Huntington County school officials shouldn't be surprised if the federal magistrate considering a challenge against a religious education program rules against them. The district's assertion that the popular program could be in jeopardy holds little weight against the fact that it defies the separation of church and state with respect to education.
A parent filed suit against the Huntington County Community School Corp. alleging the district violated the rights of a Horace Mann Elementary School student through a weekday religious education program offered by Associated Churches of Huntington. Students are released from class to attend the program in a trailer parked on school grounds.
U.S. District Magistrate Roger B. Cosbey, who heard arguments in the case Wednesday, said the sticking point appeared to be "a plain ol' trailer."
But the point is not the trailer; it's the fact that it is parked on school grounds. Released-time programs exist without challenge in school districts across the nation, but they must not be held on school property – a point reinforced in case law and one school officials in Huntington should note.
The U.S. Supreme Court in 1948 ruled against the Champaign, Ill., schools in a case in which religious education classes "show the use of tax-supported property for religious instruction and the close cooperation between school authorities and the religious council in promoting religious education."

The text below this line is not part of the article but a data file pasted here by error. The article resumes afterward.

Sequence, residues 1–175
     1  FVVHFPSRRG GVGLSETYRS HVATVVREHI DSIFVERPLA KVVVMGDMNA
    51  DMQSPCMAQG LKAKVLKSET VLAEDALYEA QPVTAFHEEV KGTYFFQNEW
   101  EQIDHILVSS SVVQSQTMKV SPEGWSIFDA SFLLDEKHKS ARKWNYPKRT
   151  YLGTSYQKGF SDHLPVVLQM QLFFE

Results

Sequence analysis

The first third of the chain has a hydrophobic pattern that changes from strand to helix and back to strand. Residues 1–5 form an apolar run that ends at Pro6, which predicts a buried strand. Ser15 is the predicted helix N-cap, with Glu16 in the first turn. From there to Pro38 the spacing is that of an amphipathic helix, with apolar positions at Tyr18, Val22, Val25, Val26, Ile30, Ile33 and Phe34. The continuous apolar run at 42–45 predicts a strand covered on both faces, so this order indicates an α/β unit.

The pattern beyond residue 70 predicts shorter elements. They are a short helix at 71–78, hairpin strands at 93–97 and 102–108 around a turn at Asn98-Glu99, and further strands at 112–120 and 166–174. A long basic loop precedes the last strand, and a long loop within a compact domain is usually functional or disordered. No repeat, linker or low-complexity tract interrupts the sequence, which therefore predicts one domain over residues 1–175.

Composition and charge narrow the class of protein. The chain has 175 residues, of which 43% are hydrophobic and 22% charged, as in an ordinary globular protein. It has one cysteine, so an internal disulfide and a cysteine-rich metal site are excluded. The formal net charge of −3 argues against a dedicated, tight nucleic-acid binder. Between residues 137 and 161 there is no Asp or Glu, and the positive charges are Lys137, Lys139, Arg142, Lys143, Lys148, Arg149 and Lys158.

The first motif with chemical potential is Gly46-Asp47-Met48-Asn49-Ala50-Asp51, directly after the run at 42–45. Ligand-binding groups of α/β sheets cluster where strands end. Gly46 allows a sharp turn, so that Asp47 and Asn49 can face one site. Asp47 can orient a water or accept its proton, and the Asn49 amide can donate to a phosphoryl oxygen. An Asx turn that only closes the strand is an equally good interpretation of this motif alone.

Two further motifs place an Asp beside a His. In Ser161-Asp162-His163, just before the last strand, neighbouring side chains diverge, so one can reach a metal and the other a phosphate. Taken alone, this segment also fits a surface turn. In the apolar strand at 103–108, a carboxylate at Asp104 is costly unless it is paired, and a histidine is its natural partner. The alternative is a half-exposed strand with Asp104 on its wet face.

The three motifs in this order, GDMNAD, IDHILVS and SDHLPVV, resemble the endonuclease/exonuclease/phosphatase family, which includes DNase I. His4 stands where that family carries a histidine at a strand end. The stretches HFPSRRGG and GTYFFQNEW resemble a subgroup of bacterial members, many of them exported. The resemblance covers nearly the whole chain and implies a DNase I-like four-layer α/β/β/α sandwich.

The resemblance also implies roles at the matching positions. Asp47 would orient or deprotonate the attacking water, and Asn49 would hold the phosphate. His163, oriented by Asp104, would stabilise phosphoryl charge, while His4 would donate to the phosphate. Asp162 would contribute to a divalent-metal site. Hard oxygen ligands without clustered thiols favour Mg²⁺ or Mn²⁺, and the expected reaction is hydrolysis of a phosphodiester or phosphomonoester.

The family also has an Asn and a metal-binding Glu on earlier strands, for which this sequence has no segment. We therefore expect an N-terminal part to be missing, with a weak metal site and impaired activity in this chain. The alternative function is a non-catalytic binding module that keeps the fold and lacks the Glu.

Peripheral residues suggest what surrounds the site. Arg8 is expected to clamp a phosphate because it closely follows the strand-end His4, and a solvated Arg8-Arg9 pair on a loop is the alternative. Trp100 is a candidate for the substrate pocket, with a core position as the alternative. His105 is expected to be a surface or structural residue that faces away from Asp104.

The Huntington case will most certainly fuel charges of an attack on religion by the American Civil Liberties Union, whose attorney is representing the plaintiff. But critics should note that the ACLU is also challenging a charter school in Minnesota. The Tarek ibn Ziyad Academy, a tax-supported public school, blurs the line between religion and public education by sharing space with the Muslim American Society of Minnesota and by promoting prayer in school, the ACLU charges.
Parents are unlikely to recognize a subtle endorsement of religion when the faith in question is their own. But Huntington school officials should consider if their support of the religious education trailer's presence would extend to a Muslim program.
The Founding Fathers got it right with the First Amendment protection of religion. A clear line between church and public education is best for both churches and schools.